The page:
MANHATTAN / HERMOSA PIERS
Among the first structures built in Manhattan Beach were two wooden piers built in 1901, one at Center Street (later renamed Manhattan Beach Boulevard) and one at Marine Avenue called Peck's Pier and Pavilion.
The Center street pier was believed to have been 900-feet long. Pylons were made by fastening three railroad rails together and driving them into the ocean floor. A narrow wooden deck was supported by these pilings. A wave machine was installed at the foot of the pier in order to generate electricity for the lighting system on the Strand but the plan did not work. The "old iron pier" as it was called, was destroyed by a major storm in 1913
Lack of money, lawsuits, storms, and debates about when and where to build another pier delayed Manhattan Beach from having a pier completed until 1920. This time, it was a cement pier with a rounded end and it was 928-feet long. Engineer A.L. Harris developed the concept of the circular end for less exposure and damage to the pilings by the waves. The roundhouse at the end was not completed until 1922. In 1928 the pier was extended out 200 feet (at no cost to the city) when a Captain Larsen of Redondo Beach offered to pay for an extension in exchange for the rights to run a shore boat between the pier and his barge Georgina,. On January 9, 1940, 90 feet of the extension were ripped away during a winter storm. The extension was never repaired and the remaining section was swept away in February 1941. In 1946 the pier and adjoining beach were deeded over from the city of Manhattan Beach to the state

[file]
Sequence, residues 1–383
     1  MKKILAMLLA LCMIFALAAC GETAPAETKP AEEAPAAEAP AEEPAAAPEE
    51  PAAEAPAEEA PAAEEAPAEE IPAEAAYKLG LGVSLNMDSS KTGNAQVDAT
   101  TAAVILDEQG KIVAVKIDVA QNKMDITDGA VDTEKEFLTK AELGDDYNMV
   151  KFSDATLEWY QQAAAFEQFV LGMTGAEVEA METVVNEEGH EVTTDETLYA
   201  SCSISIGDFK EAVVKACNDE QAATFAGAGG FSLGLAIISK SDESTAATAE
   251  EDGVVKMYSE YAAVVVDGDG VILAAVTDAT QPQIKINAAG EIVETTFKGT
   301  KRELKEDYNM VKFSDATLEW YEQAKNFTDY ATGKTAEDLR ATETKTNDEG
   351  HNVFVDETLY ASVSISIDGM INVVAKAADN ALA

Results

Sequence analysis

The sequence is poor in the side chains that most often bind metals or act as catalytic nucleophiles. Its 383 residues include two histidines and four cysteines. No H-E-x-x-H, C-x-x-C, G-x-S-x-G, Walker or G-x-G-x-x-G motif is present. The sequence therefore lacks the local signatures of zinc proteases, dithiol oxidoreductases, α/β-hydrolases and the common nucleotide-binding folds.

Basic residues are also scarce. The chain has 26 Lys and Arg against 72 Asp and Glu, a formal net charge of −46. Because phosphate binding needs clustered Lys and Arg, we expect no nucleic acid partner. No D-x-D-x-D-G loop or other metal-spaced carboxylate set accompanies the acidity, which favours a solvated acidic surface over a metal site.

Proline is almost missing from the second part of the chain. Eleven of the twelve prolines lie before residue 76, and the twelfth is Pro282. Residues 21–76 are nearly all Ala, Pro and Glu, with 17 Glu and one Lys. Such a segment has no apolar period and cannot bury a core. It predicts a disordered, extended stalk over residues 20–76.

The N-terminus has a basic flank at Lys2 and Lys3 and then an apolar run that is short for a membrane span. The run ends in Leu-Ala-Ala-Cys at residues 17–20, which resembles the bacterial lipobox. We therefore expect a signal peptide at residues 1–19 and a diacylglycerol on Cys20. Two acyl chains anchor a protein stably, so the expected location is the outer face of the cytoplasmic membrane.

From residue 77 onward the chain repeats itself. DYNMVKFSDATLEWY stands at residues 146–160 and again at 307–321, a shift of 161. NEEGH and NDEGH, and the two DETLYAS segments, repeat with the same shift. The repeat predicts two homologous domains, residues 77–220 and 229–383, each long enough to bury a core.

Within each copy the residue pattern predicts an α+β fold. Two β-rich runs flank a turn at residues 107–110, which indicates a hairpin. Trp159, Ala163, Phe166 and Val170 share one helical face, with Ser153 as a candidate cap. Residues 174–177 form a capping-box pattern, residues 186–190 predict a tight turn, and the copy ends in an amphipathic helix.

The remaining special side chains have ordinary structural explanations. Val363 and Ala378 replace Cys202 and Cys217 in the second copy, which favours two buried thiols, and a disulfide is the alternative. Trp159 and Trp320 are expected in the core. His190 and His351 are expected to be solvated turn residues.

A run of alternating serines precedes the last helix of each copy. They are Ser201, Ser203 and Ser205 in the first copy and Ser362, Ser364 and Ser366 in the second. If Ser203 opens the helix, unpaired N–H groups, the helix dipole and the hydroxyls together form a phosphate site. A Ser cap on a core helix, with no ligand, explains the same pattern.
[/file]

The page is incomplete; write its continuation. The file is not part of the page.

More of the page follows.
Storms and time were not kind to the pier and repairs were made but the appearance changed. In 1991, a decision to restore it back to its 1920s appearance was made. The Roundhouse was completely rebuilt and is now occupied by the Roundhouse Marine Studies Lab .& Aquarium. In 1995, the pier was declared a state historic landmark. It is the oldest standing cement pier on the West Coast
In 1904, the first Hermosa Beach pier was built. It was constructed entirely of wood, even to the pilings. It extended five hundred feet out into the ocean, but in 1913 was destroyed in a storm. In 1914, Hermosa completed its second pier, a 1,000-foot concrete structure complete with small tiled pavilions along the sides to afford shade for fisherman and picnic parties. Eventually, a bait stand was built out on the end.